So, before your player heads out onto the field next game, take a moment and create some positive emotions so they can enjoy an even better game.



Why I won’t give up on Mark Driscoll

Last year one of my favorite authors (who has a lot of influence in my life and theology), Rob Bell published Love Wins, a book about hell and heaven and where we are all going. It got all sorts of press and I got a silly blog traffic boost by blogging about the book. At the same time, I read a post on TSK’s blog (link in the sidebar) about how and why emergers won’t easily give up on Bell, which I resonated with. There’s no way I would just give up on Rob Bell, or tweet a farewell like Piper did. I totally disagree with his conclusions on hell, but why would that be enough of a reason to be, quoting Dan in Real life (one of the top 14 movies of all time), a murderer of love?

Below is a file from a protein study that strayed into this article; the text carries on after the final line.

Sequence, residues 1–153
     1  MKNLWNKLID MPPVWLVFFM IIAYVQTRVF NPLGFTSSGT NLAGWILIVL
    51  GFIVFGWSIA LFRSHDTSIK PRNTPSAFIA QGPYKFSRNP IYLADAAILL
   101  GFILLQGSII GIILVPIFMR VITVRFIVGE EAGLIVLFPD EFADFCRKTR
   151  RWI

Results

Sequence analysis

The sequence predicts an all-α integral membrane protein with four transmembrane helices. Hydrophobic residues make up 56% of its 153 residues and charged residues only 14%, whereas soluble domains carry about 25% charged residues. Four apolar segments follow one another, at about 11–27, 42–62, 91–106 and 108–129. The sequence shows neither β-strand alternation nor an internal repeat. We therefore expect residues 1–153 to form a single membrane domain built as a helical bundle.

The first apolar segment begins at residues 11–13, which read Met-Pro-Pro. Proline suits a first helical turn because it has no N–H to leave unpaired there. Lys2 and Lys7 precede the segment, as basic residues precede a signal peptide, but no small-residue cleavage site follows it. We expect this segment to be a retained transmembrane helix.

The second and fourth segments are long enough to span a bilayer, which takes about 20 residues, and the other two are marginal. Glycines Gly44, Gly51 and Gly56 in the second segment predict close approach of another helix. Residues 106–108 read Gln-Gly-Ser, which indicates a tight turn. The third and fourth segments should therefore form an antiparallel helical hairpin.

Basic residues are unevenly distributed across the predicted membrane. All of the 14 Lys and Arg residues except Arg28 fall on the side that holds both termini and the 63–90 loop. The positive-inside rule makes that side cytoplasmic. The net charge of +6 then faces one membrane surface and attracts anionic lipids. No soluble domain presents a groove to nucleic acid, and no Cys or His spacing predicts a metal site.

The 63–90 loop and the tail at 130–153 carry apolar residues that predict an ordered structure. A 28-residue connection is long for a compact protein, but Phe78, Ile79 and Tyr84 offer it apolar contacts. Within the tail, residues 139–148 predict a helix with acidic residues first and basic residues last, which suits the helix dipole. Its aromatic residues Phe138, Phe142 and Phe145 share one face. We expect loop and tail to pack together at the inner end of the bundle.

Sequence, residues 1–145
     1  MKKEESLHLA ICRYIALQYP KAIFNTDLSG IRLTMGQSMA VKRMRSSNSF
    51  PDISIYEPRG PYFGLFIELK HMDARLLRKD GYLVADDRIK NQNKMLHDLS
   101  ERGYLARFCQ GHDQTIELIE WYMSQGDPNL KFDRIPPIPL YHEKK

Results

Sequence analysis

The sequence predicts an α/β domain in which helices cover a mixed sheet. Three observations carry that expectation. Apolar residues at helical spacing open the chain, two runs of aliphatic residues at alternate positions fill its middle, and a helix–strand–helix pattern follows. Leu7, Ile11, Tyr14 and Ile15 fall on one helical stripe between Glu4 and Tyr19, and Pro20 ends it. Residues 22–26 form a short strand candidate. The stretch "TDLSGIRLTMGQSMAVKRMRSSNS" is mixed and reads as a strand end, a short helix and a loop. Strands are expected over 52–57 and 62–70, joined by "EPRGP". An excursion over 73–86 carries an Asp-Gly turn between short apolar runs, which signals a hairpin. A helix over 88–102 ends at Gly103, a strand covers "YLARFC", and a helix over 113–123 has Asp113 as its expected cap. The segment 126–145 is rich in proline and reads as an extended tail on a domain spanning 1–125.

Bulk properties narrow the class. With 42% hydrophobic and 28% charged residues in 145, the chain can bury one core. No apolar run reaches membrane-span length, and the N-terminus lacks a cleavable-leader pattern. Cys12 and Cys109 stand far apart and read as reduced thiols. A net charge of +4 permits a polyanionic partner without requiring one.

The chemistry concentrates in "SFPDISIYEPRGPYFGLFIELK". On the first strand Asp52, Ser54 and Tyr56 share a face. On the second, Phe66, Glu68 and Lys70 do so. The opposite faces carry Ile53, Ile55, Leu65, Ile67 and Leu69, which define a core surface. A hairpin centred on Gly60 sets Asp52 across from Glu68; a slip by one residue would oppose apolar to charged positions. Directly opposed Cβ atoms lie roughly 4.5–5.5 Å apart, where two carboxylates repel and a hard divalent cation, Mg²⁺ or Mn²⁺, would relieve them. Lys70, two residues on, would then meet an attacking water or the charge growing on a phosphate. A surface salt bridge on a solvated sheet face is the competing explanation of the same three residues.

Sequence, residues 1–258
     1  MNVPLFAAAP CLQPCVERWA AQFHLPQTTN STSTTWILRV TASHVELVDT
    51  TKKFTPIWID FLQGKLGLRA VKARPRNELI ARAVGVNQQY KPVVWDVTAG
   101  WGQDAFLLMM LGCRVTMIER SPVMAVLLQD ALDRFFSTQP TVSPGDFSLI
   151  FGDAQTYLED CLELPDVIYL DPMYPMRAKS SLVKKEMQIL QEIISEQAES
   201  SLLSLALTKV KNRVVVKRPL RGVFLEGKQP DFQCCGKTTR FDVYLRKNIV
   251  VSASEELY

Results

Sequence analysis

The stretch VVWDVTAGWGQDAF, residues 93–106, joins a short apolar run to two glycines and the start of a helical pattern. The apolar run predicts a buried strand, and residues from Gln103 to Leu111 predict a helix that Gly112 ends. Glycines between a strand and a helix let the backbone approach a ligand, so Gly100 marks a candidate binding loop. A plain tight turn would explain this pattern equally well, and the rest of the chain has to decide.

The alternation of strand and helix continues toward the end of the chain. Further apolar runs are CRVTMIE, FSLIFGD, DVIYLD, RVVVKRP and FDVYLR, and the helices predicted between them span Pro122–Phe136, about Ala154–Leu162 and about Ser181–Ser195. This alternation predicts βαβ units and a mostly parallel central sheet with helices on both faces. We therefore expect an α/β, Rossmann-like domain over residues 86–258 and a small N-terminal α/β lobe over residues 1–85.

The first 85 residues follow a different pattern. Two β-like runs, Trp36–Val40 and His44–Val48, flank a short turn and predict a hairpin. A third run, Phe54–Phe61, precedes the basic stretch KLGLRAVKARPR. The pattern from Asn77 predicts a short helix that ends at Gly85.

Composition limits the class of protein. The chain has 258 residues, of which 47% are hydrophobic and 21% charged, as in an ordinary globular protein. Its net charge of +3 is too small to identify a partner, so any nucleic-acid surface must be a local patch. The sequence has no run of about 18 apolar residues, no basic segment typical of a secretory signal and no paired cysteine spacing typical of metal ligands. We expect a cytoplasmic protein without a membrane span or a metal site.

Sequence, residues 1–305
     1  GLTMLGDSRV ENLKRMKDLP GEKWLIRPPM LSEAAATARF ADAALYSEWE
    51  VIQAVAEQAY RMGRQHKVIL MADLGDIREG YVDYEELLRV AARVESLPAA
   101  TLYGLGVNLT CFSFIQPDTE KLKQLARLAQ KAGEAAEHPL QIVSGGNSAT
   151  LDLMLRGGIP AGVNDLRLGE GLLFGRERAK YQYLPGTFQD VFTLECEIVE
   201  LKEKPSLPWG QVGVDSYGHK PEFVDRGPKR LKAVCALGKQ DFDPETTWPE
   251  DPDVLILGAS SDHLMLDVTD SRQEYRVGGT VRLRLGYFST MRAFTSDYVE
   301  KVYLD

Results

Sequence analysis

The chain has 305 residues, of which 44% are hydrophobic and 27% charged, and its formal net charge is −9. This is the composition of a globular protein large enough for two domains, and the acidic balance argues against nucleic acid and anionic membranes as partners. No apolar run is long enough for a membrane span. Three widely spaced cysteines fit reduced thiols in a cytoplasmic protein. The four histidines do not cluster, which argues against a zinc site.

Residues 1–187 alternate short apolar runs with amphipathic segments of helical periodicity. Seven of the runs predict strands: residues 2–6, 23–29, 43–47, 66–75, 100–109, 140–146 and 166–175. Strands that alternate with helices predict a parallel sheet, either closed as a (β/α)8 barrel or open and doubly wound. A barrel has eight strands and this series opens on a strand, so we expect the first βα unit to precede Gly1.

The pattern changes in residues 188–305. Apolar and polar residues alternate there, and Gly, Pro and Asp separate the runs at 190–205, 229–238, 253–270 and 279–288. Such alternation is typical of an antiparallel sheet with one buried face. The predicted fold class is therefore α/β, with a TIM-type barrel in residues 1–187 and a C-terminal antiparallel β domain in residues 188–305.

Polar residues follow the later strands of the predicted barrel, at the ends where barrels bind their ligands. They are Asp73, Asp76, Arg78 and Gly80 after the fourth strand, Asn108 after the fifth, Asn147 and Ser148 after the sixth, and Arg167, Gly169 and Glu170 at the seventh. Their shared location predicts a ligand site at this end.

This year, one of my favorite authors (who has a lot of influence in my life and theology), Mark Driscoll published Real Marriage, a book about marriage relationships. He wrote the book with his wife and got raked over the coals for some of their views on marriage. There’s even stuff in the book that I don’t think I agree with, but I don’t feel like Driscoll is sitting at his computer, waiting to see if I like him or not.  Why would a guy’s wonky views on marriage be enough of a reason to be (again) a murderer of love?